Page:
Nobusawa S.,International Agency for Research on Cancer IARC |
Lachuer J.,ProfileXpert. |
Wierinckx A.,ProfileXpert. |
Kim Y.H.,International Agency for Research on Cancer IARC |
And 6 more authors.
Brain Pathology | Year: 2010
Glioblastomas are morphologically and genetically heterogeneous, but little is known about the regional patterns of genomic imbalance within glioblastomas. We recently established a reliable whole genome amplification (WGA) method to randomly amplify DNA from paraffin-embedded histological sections with minimum amplification bias [Huang et al (J Mol Diagn 11: 109-116, 2009)]. In this study, chromosomal imbalance was assessed by array comparative genomic hybridization (CGH; Agilent 105K, Agilent Technologies, Santa Clara, CA, USA), using WGA-DNA from two to five separate tumor areas of 14 primary glioblastomas (total, 41 tumor areas). Chromosomal imbalances significantly differed among glioblastomas; the only alterations that were observed in ≥6 cases were loss of chromosome 10q, gain at 7p and loss of 10p. Genetic alterations common to all areas analyzed within a single tumor included gains at 1q32.1 (PIK3C2B, MDM4), 4q11-q12 (KIT, PDGFRA), 7p12.1-11.2 (EGFR), 12q13.3-12q14.1 (GLI1, CDK4) and 12q15 (MDM2), and loss at 9p21.1-24.3 (p16INK4a/p14ARF), 10p15.3-q26.3 (PTEN, etc.) and 13q12.11-q34 (SPRY2, RB1). These are likely to be causative in the pathogenesis of glioblastomas (driver mutations). In addition, there were numerous tumor area-specific genomic imbalances, which may be either nonfunctional (passenger mutations) or functional, but constitute secondary events reflecting progressive genomic instability, a hallmark of glioblastomas. © 2010 World Health Organization.
Wierinckx A.,French Institute of Health and Medical Research |
Wierinckx A.,University of Lyon |
Roche M.,University of Lyon |
Roche M.,French Institute of Health and Medical Research |
And 18 more authors.
Brain Pathology | Year: 2011
Integrative genomics approaches associating DNA structure and transcriptomic analysis should allow the identification of cascades of events relating to tumor aggressiveness. While different genome alterations have been identified in pituitary tumors, none have ever been correlated with the aggressiveness. This study focused on one subtype of pituitary tumor, the prolactin (PRL) pituitary tumors, to identify molecular events associated with the aggressive and malignant phenotypes. We combined a comparative genomic hybridization and transcriptomic analysis of 13 PRL tumors classified as nonaggressive or aggressive. Allelic loss within the p arm region of chromosome 11 was detected in five of the aggressive tumors. Allelic loss in the 11q arm was observed in three of these five tumors, all three of which were considered as malignant based on the occurrence of metastases. Comparison of genomic and transcriptomic data showed that allelic loss impacted upon the expression of genes located in the imbalanced region. Data filtering allowed us to highlight five deregulated genes (DGKZ, CD44, TSG101, GTF2H1, HTATIP2), within the missing 11p region, potentially responsible for triggering the aggressive and malignant phenotypes of PRL tumors. Our combined genomic and transcriptomic analysis underlines the importance of chromosome allelic loss in determining the aggressiveness and malignancy of tumors. © Brain Pathology © 2011 International Society of Neuropathology. No claim to original US government works.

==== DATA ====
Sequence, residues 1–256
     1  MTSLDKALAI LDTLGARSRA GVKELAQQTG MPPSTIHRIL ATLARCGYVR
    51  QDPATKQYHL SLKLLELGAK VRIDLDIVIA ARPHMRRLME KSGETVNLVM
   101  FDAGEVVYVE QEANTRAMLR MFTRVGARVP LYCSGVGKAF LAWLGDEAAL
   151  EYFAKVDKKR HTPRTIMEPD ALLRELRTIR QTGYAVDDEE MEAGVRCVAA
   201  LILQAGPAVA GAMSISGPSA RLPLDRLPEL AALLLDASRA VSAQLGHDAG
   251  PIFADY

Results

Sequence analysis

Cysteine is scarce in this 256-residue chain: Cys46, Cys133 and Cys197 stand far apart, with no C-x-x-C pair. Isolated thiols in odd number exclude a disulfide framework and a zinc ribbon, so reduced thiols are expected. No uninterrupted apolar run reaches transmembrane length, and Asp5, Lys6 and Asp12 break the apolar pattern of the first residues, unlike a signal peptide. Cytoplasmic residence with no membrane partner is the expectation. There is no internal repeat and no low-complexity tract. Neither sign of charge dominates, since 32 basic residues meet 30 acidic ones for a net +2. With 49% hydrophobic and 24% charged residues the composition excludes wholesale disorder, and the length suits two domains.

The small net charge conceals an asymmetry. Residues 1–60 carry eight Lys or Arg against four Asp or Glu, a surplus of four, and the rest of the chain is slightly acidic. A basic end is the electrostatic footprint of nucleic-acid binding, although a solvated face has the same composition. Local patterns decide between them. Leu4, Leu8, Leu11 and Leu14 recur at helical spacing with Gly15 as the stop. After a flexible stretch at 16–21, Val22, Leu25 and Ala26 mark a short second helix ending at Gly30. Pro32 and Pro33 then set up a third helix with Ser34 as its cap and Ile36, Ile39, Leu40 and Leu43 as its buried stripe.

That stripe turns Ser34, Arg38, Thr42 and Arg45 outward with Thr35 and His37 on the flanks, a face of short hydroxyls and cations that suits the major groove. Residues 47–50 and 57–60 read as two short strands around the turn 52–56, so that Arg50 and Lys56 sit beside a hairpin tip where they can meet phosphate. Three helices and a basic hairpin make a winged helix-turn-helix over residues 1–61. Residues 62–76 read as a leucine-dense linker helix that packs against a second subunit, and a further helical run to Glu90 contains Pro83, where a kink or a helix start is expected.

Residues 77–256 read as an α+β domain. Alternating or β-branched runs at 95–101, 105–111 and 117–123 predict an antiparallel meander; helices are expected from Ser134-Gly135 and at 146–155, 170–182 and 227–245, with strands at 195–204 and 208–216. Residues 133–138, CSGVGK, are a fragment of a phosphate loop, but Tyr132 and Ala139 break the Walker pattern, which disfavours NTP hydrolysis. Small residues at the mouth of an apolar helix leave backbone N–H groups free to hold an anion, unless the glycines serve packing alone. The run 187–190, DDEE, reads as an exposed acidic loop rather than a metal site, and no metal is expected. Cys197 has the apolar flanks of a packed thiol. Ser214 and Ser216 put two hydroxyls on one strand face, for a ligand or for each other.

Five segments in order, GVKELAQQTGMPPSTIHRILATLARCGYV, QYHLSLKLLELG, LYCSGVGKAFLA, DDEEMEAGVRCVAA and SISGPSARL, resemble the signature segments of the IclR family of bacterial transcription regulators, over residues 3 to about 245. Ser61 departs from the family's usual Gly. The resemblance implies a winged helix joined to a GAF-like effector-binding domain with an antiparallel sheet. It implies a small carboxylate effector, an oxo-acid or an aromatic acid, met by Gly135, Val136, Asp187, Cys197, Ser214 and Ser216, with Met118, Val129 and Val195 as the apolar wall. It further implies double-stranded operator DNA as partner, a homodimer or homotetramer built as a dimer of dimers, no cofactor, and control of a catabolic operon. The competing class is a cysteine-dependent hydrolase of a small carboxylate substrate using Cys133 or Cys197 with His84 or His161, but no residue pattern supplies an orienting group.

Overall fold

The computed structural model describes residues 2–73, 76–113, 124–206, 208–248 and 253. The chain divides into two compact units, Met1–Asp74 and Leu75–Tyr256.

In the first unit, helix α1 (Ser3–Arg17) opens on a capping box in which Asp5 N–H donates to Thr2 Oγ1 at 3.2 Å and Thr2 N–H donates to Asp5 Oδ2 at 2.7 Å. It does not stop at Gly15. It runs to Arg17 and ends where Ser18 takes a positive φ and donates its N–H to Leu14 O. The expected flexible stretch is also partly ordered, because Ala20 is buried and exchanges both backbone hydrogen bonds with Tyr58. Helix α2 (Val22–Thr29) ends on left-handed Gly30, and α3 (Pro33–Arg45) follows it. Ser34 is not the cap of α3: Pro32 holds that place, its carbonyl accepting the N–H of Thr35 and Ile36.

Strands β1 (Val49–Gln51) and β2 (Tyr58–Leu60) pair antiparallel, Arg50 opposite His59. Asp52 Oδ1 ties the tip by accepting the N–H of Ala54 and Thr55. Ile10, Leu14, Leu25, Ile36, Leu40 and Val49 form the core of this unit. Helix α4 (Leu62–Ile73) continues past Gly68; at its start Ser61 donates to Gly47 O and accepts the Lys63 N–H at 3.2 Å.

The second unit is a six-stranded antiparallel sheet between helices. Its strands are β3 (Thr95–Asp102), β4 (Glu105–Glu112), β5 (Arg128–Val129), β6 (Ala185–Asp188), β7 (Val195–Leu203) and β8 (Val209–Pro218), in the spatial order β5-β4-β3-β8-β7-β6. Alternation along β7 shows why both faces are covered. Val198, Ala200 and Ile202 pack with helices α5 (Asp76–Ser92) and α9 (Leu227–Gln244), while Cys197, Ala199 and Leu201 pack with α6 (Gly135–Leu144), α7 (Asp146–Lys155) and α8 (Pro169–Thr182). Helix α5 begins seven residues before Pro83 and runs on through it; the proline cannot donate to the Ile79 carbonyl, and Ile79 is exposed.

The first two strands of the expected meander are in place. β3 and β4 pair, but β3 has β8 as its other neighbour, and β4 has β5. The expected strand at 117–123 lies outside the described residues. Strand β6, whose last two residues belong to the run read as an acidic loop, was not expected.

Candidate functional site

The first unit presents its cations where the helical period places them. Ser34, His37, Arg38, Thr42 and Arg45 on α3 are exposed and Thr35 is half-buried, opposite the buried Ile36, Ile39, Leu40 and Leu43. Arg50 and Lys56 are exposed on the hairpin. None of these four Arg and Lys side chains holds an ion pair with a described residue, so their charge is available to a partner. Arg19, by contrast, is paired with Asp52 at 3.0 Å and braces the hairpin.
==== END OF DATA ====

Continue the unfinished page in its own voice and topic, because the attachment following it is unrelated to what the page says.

Sabbah M.,University Pierre and Marie Curie |
Prunier C.,University Pierre and Marie Curie |
Ferrand N.,University Pierre and Marie Curie |
Megalophonos V.,University Pierre and Marie Curie |
And 6 more authors.
Molecular and Cellular Biology | Year: 2011
CCN5 is a member of the CCN (connective tissue growth factor/cysteine-rich 61/nephroblastoma overexpressed) family and was identified as an estrogen-inducible gene in estrogen receptor-positive cell lines. However, the role of CCN5 in breast carcinogenesis remains unclear. We report here that the CCN5 protein is localized mostly in the cytoplasm and in part in the nucleus of human tumor breast tissue. Using a heterologous transcription assay, we demonstrate that CCN5 can act as a transcriptional repressor presumably through association with histone deacetylase 1 (HDAC1). Microarray gene expression analysis showed that CCN5 represses expression of genes associated with epithelial-mesenchymal transition (EMT) as well as expression of key components of the transforming growth factor β (TGF-β) signaling pathway, prominent among them TGF-βRII receptor. We show that CCN5 is recruited to the TGF-βRII promoter, thereby providing a mechanism by which CCN5 restricts transcription of the TGF-βRII gene. Consistent with this finding, CCN5, we found, functions to suppress TGF-β-induced transcriptional responses and invasion that is concomitant with EMT. Thus, our data uncovered CCN5 as a novel transcriptional repressor that plays an important role in regulating tumor progression functioning, at least in part, by inhibiting the expression of genes involved in the TGF-β signaling cascade that is known to promote EMT. © 2011, American Society for Microbiology.